Sky… San Diego is known to San Diegans as a perfect place to live. I am one of those who think the people who live here are on to something important… something more significant to the health and mental well being of everybody than the beautiful beaches and rocky shorelines. We have placid weather… smooth peaceful skies. We have come to the close of the month of May and everybody here knows about May Gray. British would say May Grey. We are beginning the month of June and we can expect June Gloom. These two months with their “bland” climates in our region are gifts. I’m ready to admit that occasionally I wish for a stormy day, or at least a story period for even one day. Instead we get weather that is generally cool with an overcast sky. Sometimes the sky is clear, but mostly there is the smooth overcast of high fog or clouds. What I wish for is a real storm with flashing lightening and roaring thunder, but then I am reminded that not everybody in San Diego lives in a safe, secure, dry place. I remember the homeless people of our area. I picture in my mind’s eye the streets in Southeast San Diego that are lined with the makeshift homes of hundreds of people. Some people sleep without even a tent. Some people sleep close to a building or under a bridge. Some people have made shelters of pieces of found material. It is when I remember those people that I am glad we don’t have roaring, violent storms.
Tuesday, May 30, 2017
The Sung Dynasty in China was a time when ceramic art reached a high level of development. When we lived in Southeast Asia, we managed to get some good pieces. Most of the ceramics we managed to get in Malaysia and in Singapore were from later dynasties; but according to an expert at Singapore University, the vase in this picture is from very early in the Sung Dynasty. The Time period for the Sung Dynasty is 960 to 1276, so that means this ceramic pot was probably made around a thousand years ago. Wow!
Monday, May 29, 2017
Sunday, May 28, 2017
A vase from China... I was sitting in our living room and looking at it and wondering about its history. We have another vase exactly like it. I'm wondering if they were made on the same day. Each vase has four sides, and each side is a different scene... flowers and insects. We bought these vases 50 years ago in Singapore.
Saturday, May 27, 2017
California... Southern California... A couple of days ago I read about the Ski Areas of California having a bumper year for that industry because of the record snow fall in the Sierra Nevada Mountains. The world there will be white with green around the edges for a long time. This morning's paper included a picture of a wild fire not for from where I live. We are reminded that the world burns, too. I was reminded that California is a place that can be as green as Ireland for part of the year, that part which includes plenty of rain; and it is also a place where deserts seem to spring up overnight. For the past month I have watched a transformation taking place at the place where I turn off Interstate 805 to get to our community. For months I kept thinking I should stop and take photographs of the beautiful tall green grass growing near the roadway. Now I have waited too long. The green grass has turned into the dry grass of summer. I stopped today to get pictures and decided that this small patch of California is what all the people who grew up in the Great Central Valley think of when they live far away and think back on their homeland. Someone seeing the pictures now that summer is here won't remember the green of winter and spring. When I lived in Southeast Asia where everything is green all year, I longed to see the summer beige of California. Now that I live in Southern California, I long to see the green of that other time of the year. Change is good. Life is good.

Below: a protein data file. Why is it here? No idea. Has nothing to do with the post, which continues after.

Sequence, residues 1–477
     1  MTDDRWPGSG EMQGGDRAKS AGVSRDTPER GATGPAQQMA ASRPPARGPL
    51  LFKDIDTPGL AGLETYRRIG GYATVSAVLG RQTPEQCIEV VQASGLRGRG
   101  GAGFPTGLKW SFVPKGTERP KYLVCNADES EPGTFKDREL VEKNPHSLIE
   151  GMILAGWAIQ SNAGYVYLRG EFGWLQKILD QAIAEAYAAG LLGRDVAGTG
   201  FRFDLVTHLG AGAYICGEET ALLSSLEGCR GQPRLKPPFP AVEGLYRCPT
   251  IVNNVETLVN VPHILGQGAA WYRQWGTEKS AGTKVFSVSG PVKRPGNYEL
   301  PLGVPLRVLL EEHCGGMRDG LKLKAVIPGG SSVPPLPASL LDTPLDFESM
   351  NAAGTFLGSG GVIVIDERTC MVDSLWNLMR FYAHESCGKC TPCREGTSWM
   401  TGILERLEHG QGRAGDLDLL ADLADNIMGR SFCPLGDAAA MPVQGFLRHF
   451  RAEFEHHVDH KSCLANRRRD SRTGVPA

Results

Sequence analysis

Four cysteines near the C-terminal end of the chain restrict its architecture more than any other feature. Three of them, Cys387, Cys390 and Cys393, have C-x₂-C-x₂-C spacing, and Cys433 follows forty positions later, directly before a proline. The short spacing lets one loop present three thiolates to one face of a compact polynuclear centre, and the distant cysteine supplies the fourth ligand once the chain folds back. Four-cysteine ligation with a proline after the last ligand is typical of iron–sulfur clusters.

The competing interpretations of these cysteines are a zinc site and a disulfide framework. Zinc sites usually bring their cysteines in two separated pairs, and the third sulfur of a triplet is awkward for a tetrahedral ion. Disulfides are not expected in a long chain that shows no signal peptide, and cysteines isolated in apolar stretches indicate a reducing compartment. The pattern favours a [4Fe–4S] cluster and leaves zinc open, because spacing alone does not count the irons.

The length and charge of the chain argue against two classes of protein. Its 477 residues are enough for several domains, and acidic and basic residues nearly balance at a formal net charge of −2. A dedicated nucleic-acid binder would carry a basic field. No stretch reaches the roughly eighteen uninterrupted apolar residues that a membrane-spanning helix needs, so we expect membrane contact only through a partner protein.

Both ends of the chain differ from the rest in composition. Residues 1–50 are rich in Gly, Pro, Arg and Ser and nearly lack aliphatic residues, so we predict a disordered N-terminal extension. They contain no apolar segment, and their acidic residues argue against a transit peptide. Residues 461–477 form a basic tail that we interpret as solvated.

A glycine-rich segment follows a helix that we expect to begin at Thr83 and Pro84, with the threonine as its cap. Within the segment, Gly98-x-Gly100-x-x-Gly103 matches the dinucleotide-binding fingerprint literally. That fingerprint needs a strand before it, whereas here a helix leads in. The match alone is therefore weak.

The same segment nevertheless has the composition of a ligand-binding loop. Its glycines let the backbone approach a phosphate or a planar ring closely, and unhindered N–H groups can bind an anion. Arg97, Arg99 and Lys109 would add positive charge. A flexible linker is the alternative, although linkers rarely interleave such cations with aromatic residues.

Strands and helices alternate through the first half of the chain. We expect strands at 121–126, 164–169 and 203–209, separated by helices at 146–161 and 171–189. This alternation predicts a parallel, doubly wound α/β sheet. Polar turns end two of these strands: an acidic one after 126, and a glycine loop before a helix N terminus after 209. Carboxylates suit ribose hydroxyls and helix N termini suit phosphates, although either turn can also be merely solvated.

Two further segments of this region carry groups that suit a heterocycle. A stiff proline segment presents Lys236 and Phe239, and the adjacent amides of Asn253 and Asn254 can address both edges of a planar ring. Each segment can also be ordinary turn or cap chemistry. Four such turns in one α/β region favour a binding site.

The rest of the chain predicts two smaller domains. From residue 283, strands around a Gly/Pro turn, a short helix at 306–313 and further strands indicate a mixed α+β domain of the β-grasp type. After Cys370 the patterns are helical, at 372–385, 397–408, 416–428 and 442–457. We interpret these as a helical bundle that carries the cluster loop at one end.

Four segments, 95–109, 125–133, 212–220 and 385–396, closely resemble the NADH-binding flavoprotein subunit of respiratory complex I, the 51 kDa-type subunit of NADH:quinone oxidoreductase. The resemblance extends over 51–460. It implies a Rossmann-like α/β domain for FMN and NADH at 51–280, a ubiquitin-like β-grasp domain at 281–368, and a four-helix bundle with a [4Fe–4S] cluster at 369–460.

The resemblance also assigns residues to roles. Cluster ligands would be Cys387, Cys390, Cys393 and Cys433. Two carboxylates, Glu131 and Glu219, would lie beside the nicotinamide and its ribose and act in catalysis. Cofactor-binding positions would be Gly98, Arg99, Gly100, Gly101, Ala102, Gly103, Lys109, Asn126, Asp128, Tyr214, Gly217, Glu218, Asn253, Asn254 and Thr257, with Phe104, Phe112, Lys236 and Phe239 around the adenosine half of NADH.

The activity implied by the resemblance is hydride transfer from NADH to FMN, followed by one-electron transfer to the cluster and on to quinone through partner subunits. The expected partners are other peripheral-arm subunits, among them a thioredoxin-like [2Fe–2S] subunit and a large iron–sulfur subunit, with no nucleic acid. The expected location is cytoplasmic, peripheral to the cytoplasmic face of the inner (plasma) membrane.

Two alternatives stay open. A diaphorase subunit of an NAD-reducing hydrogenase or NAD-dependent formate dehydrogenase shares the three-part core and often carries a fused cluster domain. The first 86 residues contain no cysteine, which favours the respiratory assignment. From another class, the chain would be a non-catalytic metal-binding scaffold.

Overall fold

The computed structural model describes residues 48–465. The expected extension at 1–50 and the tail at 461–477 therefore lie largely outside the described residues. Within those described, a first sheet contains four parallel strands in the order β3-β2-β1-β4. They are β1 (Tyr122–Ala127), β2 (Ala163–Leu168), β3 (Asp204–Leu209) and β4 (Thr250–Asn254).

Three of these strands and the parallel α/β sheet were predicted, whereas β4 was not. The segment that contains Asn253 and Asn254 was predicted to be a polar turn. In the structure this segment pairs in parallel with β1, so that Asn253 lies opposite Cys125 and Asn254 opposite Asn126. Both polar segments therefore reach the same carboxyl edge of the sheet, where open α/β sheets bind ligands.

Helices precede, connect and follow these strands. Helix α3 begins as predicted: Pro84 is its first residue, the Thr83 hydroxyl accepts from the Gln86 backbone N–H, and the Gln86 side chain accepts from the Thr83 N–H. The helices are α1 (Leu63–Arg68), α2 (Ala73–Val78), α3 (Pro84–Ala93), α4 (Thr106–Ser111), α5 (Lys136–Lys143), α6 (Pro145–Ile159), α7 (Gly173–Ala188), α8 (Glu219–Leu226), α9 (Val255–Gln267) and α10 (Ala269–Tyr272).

Friday, May 26, 2017
This morning I was going with my friend Jim Fudge around the place where we live, and I came across a piece of paper that I picked up thinking it was a worthless piece of junk. I was going to throw it away, but instead of worthless junk, it was a menu from an eating place on University Avenue that I’ve never visited. The title of the place is unassuming: “San Diego’s Finest Donuts & Deli." On my way to the trash barrel, I opened it and decided a couple of things: 1. I am going to stop by that place the next time I’m in the neighborhood, and 2. I got an idea for today’s BLOG writing based on what I’ve learned from the little menu.
The importance of choices: The first thing I learned from the menu is the importance of not wasting anything. The little menu is a piece of plain white paper (8 1/2 inches by11 inches)… of a weight that is whatever is just heavier than I get for my printer at a stationery store. The menu is tri-folded with six places for menu items… and all the menu items give information in large bold print, just the kind of information that urges anybody who looks at it to want something: The first Signature Sandwiches with prices from “The Strike Out" (with Black Forest Ham, Roast Beef, Oven Roasted Turkey, and provolone Cheese) for $9.95 down to Bacon, Lettuce and yes, Tomato for $7.95. A note at the bottom of that column gives the information that invites the reader to *For $1.00 add your choice of: Bacon, Avocado, extra cheese or extra meat of any sandwich.
The middle panel of information is a great lot of information in easy to read large, bold print that describes how you can “Build Your Own” sandwich for $6.95. The third panel describes the Breakfast menu with the information that for $1.00 you may substitute meat for anything you’ve ordered. The reverse side of the trifold gives clear information for Catering and Custom Cakes, Weddings and more!
The third panel, which becomes the menu when folded properly, gives vital information: the name of the establishment with address phone number and email address… I’m going to stop by there someday soon because I like choices… and I especially like this place already…
Thursday, May 25, 2017
Today's Big Event was Nina's 16th Birthday. Wow! The birthday cake was made by her Mother Tiffany. Nina has grown into a beautiful young woman from those years when she was a beautiful, smart little girl. She is more than beautiful and talented. She is extraordinary. It will be great fun to watch her grow through the remainder of high school and then through college and then to whatever she wants to do. Wow!
Wednesday, May 24, 2017